What, you’re probably wondering, do two habitually entrepreneurial brothers and their two defunct Internet start-ups have to do with the birth of a hospitality software company? Well, in 2001, the then-20-something Kurland brothers took their wad of cash and did what felt right with it. They bought an old British pub in Fort Lauderdale and turned it into a grungy rock bar.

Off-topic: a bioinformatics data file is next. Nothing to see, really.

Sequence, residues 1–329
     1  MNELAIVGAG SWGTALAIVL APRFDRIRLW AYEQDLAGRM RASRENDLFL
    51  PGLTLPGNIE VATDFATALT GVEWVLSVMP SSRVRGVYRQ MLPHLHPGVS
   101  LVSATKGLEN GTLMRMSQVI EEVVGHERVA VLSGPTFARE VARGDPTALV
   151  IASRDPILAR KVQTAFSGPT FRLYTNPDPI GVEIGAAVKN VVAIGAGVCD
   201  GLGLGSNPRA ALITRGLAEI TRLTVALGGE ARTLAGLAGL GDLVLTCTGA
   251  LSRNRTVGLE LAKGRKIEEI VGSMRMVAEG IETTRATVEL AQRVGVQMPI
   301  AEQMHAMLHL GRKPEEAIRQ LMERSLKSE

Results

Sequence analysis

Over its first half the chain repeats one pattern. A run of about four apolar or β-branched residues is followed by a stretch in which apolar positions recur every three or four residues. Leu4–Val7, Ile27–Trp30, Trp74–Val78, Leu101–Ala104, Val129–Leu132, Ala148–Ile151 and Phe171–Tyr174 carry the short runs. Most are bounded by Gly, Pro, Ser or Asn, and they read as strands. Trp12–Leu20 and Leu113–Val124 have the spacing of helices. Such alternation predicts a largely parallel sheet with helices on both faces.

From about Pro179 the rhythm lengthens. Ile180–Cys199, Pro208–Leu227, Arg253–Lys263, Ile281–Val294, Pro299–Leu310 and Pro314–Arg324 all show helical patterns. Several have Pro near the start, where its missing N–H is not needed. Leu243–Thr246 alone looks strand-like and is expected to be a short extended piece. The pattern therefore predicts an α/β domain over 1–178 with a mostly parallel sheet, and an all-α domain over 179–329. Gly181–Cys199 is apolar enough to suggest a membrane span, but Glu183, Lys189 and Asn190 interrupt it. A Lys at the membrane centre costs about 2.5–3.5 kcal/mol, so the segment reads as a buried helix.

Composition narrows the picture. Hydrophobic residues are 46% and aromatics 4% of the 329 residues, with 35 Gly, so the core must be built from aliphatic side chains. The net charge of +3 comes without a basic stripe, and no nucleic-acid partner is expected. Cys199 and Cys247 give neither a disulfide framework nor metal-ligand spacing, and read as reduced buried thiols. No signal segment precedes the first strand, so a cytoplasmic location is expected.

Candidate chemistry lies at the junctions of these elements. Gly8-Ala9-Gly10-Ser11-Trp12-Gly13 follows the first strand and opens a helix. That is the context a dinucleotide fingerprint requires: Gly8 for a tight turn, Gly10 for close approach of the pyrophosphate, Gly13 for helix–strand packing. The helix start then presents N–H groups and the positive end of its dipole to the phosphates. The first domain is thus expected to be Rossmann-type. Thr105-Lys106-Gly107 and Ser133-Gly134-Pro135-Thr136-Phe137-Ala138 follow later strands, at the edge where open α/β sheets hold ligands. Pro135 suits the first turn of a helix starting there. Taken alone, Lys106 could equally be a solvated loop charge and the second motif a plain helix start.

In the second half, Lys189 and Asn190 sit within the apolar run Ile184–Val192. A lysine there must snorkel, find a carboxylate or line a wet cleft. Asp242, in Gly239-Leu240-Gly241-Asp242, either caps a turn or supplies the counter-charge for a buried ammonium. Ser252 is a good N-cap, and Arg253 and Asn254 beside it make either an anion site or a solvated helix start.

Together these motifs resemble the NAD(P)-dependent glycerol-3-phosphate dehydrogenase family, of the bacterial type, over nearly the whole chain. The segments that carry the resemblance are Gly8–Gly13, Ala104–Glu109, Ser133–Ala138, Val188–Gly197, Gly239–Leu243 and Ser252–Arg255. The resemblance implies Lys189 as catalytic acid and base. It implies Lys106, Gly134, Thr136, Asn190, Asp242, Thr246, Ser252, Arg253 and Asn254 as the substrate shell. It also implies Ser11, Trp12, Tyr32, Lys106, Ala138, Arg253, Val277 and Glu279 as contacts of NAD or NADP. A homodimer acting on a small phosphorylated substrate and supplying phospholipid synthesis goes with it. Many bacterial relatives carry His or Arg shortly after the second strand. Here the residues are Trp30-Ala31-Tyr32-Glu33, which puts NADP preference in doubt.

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Six months into the bar venture, Daniel bought his older brother out. Scott went on to apply his unique degree on the big business scene, landing lucrative usability designer gigs at Citrix and Time Warner Cable. Daniel spent the next five years primarily behind the bar, slinging drinks until 4 a.m. The business grew steadily and became profitable, but Kurland was growing restless. He had a new baby boy at home, and the nightlife wasn’t conducive to fatherhood. He was also growing discontented with the hospitality operations software market, having cycled through no fewer than five POS software applications during his tenure. “The bar software available then was rigid. It was all about business control, not serving customers and growing sales,” he says. In 2006, after unsuccessfully lobbying his POS software provider for the features he desired (“I was ignored,” laments Kurland), he decided to throw his experience as a bar owner and his high-tech entrepreneurial roots in a blender. He started writing bar software from the ground up. By 2008, Kurland was 30 years old. He had a marketable bar software product called BarOS, his own business in which to test it, and an Internet marketing strategy that had garnered him enough customers to exit the bar scene. He sold the business, earning five times what he paid for the establishment five years earlier. Later that year, as Kurland fielded growing interest from the restaurant community and rapidly built a customer base, PointOS Professionals was born. “Had I not been ignored by our software provider back in 2006, I wouldn’t be winning business away from them today,” he says.